If you’ve never seen, My Neighbor Totoro, you should.  It’s a beautiful, low-key, wonder of a film, one of Miyazaki’s signature creations.  I would even posit that the image of Totoro, standing in the rain at the bus stop next to the young girl Satsuki, with the leaf on his head, accepting her umbrella, is as classic and iconic a moment as Gene Kelley, “Singin’ in the Rain” in Stanley Donen’s thus named film.  There is a magic to the film, plain and simple, a transcendent beauty as inspired and powerful as any in cinema.

It’s a film that I’ve seen many times, in whole and in parts, and Clara has seen it many times as well.  Though never on the big screen.  The crowd in the theater were largely families with young ones, obviously those “in the know” because as much as I read and follow up on what’s happening locally in the cinema, this event came a bit out of nowhere, with little promotion or notability.

Totoro is a simple story, about two young girls who move to the Japanese countryside with their father while their mother convalesces at a nearby hospital from an unnamed illness. What they find in the country is nature itself, the people who work the land, and the spirits of traditional Japanese belief still living within the world in all corners.  They first encounter dust mite spirits, and then eventually are led down (or up) a rabbit hole of sorts to the King Totoro, the spirit of a massive camphor tree at the top of a tall hill nearby.  These spirits befriend the girls, giving literal flight to their dreams, encouraging them to plant more trees, and helping Satsuki find Mei when she gets lost.  It’s a spiritual encounter with nature and tradition, a grounding to culture and the natural world that embodies ethics and kindness as well.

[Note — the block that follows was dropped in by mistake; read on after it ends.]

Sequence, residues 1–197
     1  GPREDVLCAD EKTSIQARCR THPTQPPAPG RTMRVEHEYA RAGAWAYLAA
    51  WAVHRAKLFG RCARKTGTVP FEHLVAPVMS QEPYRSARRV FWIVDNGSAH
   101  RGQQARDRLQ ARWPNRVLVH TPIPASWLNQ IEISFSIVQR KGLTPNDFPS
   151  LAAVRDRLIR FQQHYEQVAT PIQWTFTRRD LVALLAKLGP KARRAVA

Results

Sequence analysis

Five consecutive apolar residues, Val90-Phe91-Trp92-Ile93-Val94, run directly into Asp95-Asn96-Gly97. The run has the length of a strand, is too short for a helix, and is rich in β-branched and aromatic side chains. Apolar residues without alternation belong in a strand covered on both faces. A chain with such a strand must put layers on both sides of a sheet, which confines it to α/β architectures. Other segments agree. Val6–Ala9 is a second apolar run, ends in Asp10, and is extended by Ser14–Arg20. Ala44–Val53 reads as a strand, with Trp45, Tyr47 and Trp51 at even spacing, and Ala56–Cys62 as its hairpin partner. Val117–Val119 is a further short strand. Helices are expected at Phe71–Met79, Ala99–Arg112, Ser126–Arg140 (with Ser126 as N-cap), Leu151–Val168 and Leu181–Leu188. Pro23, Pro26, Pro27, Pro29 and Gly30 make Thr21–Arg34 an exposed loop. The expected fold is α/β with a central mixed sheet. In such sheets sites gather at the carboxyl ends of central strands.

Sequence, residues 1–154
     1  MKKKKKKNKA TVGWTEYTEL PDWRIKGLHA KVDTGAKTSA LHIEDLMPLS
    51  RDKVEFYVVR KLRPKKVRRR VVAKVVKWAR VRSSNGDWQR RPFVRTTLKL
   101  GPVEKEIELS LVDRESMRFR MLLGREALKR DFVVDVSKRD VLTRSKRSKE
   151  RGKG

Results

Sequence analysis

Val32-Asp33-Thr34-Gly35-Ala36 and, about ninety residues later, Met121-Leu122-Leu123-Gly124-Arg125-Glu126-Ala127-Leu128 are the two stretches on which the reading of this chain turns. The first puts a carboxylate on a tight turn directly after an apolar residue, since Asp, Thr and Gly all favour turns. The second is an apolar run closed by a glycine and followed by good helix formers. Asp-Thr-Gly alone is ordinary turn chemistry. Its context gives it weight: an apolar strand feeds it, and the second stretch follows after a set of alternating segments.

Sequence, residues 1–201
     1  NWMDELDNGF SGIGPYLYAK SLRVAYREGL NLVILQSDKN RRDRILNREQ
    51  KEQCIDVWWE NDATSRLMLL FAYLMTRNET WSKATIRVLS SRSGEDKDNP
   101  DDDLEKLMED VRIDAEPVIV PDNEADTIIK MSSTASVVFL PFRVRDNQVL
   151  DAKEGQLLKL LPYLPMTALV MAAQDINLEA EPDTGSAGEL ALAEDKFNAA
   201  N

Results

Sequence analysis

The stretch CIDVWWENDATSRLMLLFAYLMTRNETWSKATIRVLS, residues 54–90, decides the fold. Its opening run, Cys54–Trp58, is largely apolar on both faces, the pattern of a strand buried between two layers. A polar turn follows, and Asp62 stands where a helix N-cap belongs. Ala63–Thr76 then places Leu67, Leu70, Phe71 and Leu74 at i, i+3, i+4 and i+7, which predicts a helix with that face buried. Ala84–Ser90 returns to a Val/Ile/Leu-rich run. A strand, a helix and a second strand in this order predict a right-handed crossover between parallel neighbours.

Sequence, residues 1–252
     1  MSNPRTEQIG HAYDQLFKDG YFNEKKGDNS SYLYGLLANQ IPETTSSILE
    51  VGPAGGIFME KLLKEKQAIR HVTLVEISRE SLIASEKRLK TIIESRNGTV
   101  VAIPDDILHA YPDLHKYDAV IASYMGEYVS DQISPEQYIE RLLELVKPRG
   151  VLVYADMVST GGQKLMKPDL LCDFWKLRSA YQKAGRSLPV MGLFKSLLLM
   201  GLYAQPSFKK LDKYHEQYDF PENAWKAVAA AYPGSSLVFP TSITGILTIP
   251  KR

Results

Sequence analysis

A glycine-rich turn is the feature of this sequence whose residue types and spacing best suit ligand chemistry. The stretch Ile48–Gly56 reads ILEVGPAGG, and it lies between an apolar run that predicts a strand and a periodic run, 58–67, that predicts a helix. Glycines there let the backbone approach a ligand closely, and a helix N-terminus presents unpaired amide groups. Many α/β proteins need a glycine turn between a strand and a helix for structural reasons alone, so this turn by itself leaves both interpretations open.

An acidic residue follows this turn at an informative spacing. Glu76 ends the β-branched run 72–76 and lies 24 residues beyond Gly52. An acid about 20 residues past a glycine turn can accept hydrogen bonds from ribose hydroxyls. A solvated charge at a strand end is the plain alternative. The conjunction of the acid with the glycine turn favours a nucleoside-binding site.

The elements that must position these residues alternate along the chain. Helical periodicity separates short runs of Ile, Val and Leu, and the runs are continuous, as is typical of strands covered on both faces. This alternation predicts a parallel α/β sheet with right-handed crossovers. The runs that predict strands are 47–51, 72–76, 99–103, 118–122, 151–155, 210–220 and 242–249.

It’s such a quiet and simple film that when I first saw it, I certainly considered that it might be slow or quiet for some.  Watching it again this time, the themes of spiritual embodiment, along with ecology, magic and traditional Japanese culture, things all deeply embedded in his later film Spirited Away (2001) are all deeply imparted here as well.  There is a great beauty beyond the charm here.  It could be critiqued for its yearning to a simpler, more pastoral time (the story is set in an indeterminate past, sometime in the 20th century), which is perhaps more wistful.  But there is magic to it.  There is a transcendence within this little story, these brief moments of fantasy and the beyond.  Most lovely.

Aliens (1986)

Aliens (1986) movie poster

director James Cameron
viewed: 09/06/2012